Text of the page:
QRFP-Deficient mice are hypophagic, lean, hypoactive and exhibit increased anxiety-Like behavior

Kitaro Okamoto, Miwako Yamasaki, Keizo Takao, Shingo Soya, Monica Iwasaki, Koh Sasaki, Kenta Magoori, Iori Sakakibara, Tsuyoshi Miyakawa, Michihiro Mieda, Masahiko Watanabe, Juro Sakai, Masashi Yanagisawa, Takeshi Sakurai

Research output: Contribution to journalArticle

7 Scopus citations

Abstract

How the hypothalamus transmits hunger information to other brain regions to govern whole brain function to orchestrate feeding behavior has remained largely unknown. Our present study suggests the importance of a recently found lateral hypothalamic neuropeptide, QRFP, in this signaling. Qrfp-/- mice were hypophagic and lean, and exhibited increased anxiety-like behavior, and were hypoactive in novel circumstances as compared with wild type littermates. They also showed decreased wakefulness time in the early hours of the dark period. Histological studies suggested that QRFP neurons receive rich innervations from neurons in the arcuate nucleus which is a primary region for sensing the body's metabolic state by detecting levels of leptin, ghrelin and glucose. These observations suggest that QRFP is an important mediator that acts as a downstream mediator of the arcuate nucleus and regulates feeding behavior, mood, wakefulness and activity.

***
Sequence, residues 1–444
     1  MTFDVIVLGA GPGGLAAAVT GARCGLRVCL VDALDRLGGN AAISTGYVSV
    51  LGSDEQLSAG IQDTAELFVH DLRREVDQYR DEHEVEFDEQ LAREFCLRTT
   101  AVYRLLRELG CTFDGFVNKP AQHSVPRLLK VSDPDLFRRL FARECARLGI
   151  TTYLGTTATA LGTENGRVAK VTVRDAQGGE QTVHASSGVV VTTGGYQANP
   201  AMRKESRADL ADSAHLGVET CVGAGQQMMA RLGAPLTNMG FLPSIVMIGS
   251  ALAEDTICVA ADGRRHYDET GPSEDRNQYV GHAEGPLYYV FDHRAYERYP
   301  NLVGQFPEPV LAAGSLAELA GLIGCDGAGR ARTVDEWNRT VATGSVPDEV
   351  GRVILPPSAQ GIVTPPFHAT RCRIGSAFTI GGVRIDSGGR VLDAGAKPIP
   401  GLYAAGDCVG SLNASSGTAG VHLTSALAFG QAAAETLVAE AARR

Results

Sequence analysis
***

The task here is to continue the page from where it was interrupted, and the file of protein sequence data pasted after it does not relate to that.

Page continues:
Original languageEnglish (US)
Article numbere0164716
JournalPloS one
Volume11
Issue number11
DOIs
StatePublished - Nov 2016

    Fingerprint

ASJC Scopus subject areas

  • Biochemistry, Genetics and Molecular Biology(all)
  • Agricultural and Biological Sciences(all)
  • General

Cite this

Okamoto, K., Yamasaki, M., Takao, K., Soya, S., Iwasaki, M., Sasaki, K., Magoori, K., Sakakibara, I., Miyakawa, T., Mieda, M., Watanabe, M., Sakai, J., Yanagisawa, M., & Sakurai, T. (2016). QRFP-Deficient mice are hypophagic, lean, hypoactive and exhibit increased anxiety-Like behavior. PloS one, 11(11), [e0164716]. https://doi.org/10.1371/journal.pone.0164716